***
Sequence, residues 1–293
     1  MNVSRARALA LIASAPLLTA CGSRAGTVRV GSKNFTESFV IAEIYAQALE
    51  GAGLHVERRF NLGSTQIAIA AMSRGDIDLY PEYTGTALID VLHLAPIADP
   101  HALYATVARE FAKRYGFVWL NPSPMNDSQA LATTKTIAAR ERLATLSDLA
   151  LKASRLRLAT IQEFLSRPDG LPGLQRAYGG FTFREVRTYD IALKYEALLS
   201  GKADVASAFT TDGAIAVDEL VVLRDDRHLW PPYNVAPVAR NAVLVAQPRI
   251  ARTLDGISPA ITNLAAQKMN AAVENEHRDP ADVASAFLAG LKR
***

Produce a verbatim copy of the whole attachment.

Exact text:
Sequence, residues 1–293
     1  MNVSRARALA LIASAPLLTA CGSRAGTVRV GSKNFTESFV IAEIYAQALE
    51  GAGLHVERRF NLGSTQIAIA AMSRGDIDLY PEYTGTALID VLHLAPIADP
   101  HALYATVARE FAKRYGFVWL NPSPMNDSQA LATTKTIAAR ERLATLSDLA
   151  LKASRLRLAT IQEFLSRPDG LPGLQRAYGG FTFREVRTYD IALKYEALLS
   201  GKADVASAFT TDGAIAVDEL VVLRDDRHLW PPYNVAPVAR NAVLVAQPRI
   251  ARTLDGISPA ITNLAAQKMN AAVENEHRDP ADVASAFLAG LKR